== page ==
Monday, June 04, 2007

St. Optatus of Milevis: The Original Apologist Against the Schismatics

It was to Peter that Jesus Christ declared, 'I will give thee the keys of the kingdom of Heaven, and the gates of hell shall not prevail against thee.' By what right do you claim the keys—you who presume to contend against Peter's chair? You cannot deny that the episcopal chair was originally given to Peter in the city of Rome; that he sat there first as head of the Apostles ... The other apostles did not claim rival chairs, and only schismatics have ever ventured to do so. --St. Optatus' reply to the Donatists
Before Augustine, there was another Bishop of North Africa who defended our faith with vim and vigor, especially against a dude named Donatus. St. Optatus was his name, and today's saint did it so well, he not only had the respect of Augustine and his contemporaries, but his arguments are still making converts today.

Although little is known of Optatus' early life, he was thrust front and center quickly as Bishop of Milevis when a dispute broke out over who the true bishop of nearby Carthage was. It seems that Donatus, a popular but not-so-obedient priest, became so ticked off when he was not named the area's bishop that he and his group split off on their own. They repudiated the validity of ordination and as well as the sacraments of the Roman Church, claiming that they alone were the true church of Christ. The Donatists, as they were called, then elected their own "bishops," and one of those, Parmesian, thought himself a big enough cheese to set down a treatise staking their claim against the Church of Rome. It was at this point Optatus stepped in, politely but firmly putting his opponents in their place, but at the same time calling them back home.

Although Parmesian's document did not survive, we know the things the Donatists argued for were a non-universal church where their efficacy of the sacraments depended directly upon the holiness of the priest. In other words, since (in their judgement) Donatus was more devout than the bishop appointed by Rome, Rome's appointment must be faulty and the church set up by Donatus was thus the new true one. But Optatus (whose reply is still preserved) quickly countered with the question of how CAN the Donatists be the one true church when they represent only one small colony in Africa? Quite to the contrary, the true mark of the church MUST be its catholicity (universality) and that universal-ness has always been based on the papacy, which has always been based in Rome. As for the other question, Optatus spelled out the doctrine that the sacraments are holy in themselves, and do not depend on the efficacy of the priest. Otherwise a priest would have to be perfectly sinless or every time the sacrament was administered its grace would be in doubt.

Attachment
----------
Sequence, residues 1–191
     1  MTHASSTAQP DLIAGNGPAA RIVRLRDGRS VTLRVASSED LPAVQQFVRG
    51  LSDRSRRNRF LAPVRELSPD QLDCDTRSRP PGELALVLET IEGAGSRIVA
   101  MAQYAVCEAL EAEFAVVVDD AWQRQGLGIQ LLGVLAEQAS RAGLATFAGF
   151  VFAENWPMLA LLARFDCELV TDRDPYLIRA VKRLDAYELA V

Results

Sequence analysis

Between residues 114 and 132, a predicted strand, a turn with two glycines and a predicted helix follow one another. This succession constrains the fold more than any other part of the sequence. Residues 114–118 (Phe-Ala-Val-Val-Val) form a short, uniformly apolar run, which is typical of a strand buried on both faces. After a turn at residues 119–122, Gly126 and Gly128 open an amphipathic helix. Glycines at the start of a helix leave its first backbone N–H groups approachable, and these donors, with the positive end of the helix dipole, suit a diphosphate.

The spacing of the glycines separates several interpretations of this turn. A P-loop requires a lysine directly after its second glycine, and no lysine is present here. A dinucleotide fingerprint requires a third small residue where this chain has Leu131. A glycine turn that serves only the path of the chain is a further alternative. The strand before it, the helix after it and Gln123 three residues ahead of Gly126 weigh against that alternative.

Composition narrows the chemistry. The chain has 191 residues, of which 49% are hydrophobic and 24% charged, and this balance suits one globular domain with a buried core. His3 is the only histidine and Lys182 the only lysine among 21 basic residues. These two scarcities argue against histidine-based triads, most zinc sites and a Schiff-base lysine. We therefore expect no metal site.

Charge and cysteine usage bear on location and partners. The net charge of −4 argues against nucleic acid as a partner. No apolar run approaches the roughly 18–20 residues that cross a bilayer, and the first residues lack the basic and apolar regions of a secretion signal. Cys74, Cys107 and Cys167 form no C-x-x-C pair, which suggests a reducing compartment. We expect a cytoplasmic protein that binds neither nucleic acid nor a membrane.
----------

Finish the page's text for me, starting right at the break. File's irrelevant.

Besides his powerful apologetics on those subjects, Optatus may have been the first to distinguish the difference between heretics—those who denied basic Christian dogma such as the Trinity or Christ's Divinity—and Schismatics—those who still believed the basic doctrines (and were therefore still Christians) but separated themselves on the basis of authority—which is what the Donatists did. We don't tend to phrase it as such, but Donatists were actually Protestants—the difference being that in those days, saints like Optatus and Ambrose and Augustine, through the combination of both wisdom and grace quickly settled such disputes in the minds of the faithful, and the divisions soon died out. Still, these early apologetics are useful for many modern-day Protestants who read the ancient history of the Church (including a former Methodist minister on EWTN's The Journey Home who was reading the story of Optatus and Donatus when he suddenly exclaimed, "My God! I am a Donatist!) and in doing so realize the error of their ways, and then return to the one holy Catholic and apostolic Church.

St. Optatus died in the year 387. Perhaps because his early life was not recorded, we do not hold him in the same breath as Ambrose and Augustine, but his many converted Donatists (not to mention Methodists) did—and do!

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